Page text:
Case Study 3: MBILI intercropping

MBILI farm. Credit Sara Costa

MBILI farm. Credit Sara Costa

Farmers in Western Kenya traditionally row-crop maize with nitrogen-fixing legumes to increase yields and soil fertility. Nitrogen is returned to the soil from the falling leaves and decomposing roots of the bean plants. Researchers at the Sustainable Agriculture Centre for Research, Extension and Development in Africa (SACRED-Africa), noticed that the single rows were not providing enough light for the legumes, and that the second maize crop often failed due to insufficient late rains. To address these constraints, they pioneered a new system known as MBILI (Managing Beneficial Interactions in Legume Intercrops), meaning “two” in Swahili. MBILI consists of intercropping double rows of maize and legumes, allowing for better light and soil conditions, whilst maintaining the same plant populations. The system yields nearly 3 tonnes of maize and more than 500kg of legumes per hectare.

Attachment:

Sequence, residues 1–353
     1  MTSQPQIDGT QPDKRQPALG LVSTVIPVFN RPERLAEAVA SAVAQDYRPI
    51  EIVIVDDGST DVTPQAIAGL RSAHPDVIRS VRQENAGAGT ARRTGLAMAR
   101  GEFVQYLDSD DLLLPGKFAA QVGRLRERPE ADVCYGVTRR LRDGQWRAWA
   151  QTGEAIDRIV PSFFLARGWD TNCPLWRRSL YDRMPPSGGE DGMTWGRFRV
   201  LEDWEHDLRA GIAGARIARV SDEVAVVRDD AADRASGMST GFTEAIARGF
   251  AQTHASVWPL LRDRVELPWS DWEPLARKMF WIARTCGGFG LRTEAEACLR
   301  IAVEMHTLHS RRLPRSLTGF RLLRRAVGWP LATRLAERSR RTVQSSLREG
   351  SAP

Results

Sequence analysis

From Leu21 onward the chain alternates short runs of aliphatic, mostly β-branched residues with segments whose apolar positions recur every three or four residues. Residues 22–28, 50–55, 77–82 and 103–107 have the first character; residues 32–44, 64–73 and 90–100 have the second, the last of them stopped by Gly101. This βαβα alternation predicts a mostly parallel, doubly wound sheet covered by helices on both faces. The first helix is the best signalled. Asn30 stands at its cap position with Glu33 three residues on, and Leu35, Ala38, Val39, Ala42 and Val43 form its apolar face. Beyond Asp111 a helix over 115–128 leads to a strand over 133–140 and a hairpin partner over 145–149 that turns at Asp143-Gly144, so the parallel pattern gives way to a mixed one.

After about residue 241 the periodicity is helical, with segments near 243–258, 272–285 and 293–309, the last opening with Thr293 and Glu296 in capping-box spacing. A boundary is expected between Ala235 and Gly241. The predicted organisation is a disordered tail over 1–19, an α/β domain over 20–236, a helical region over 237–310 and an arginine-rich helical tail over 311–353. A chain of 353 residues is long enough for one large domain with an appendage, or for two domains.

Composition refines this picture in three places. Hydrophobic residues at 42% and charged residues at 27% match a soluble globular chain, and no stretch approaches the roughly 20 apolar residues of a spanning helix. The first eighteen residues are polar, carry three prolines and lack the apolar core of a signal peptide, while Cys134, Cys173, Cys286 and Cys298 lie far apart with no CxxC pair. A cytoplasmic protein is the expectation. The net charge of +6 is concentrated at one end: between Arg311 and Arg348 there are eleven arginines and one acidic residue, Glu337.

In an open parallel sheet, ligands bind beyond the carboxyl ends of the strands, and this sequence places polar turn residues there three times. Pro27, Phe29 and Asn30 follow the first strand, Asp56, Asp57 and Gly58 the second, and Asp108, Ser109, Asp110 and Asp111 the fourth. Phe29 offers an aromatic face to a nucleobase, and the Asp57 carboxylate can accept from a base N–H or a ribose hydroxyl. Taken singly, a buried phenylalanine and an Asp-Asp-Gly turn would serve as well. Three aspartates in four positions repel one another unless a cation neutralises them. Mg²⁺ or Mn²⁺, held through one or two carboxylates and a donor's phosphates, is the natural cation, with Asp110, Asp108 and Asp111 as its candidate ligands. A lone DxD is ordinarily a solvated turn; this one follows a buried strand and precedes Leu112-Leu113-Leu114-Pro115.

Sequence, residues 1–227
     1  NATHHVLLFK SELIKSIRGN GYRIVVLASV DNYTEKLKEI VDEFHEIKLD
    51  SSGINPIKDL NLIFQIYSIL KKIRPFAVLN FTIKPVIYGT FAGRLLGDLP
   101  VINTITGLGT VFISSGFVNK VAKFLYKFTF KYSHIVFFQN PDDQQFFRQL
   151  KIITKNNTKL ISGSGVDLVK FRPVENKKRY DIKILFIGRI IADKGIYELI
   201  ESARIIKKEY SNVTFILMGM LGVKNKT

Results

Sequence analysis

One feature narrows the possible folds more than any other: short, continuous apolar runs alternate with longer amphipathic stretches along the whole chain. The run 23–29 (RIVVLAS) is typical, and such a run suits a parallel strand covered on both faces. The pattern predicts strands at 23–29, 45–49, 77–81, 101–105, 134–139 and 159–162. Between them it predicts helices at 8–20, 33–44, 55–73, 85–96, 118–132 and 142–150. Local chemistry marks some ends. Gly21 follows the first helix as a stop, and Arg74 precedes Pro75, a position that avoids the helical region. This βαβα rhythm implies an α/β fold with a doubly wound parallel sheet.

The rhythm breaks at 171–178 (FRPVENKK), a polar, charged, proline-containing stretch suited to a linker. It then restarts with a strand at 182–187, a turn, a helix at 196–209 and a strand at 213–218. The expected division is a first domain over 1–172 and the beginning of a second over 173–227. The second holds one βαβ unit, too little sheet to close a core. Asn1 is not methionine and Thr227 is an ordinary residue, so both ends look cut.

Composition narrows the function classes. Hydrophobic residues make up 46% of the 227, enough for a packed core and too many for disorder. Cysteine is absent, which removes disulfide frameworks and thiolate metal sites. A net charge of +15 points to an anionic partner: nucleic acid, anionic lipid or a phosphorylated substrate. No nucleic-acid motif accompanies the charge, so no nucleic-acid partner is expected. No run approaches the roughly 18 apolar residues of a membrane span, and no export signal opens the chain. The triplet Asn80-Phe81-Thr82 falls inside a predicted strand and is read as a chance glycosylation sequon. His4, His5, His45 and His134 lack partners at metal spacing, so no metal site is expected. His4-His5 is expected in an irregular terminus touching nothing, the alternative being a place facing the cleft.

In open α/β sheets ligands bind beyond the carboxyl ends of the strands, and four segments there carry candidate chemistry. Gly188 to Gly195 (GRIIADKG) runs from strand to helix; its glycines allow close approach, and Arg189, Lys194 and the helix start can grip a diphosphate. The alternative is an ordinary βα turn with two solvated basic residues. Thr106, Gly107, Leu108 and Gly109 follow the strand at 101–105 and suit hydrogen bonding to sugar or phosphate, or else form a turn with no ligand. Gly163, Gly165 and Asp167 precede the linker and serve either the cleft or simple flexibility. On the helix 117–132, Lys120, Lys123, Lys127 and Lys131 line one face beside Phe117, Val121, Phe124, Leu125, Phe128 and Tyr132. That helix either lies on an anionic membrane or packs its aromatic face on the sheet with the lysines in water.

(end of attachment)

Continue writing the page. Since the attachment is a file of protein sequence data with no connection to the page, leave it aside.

MBILI has been shown to increase production by 26% – 37% in the short rain season and around 7% in the long rain season. The greatest improvement is noted in groundnut which can increase by 101% compared to conventional conditions. Farmers earn an average of 31,689 KSh (US$325) per hectare using MBILI intercropping, compared to 26,333 KSh (US$270) with conventional methods.[1]

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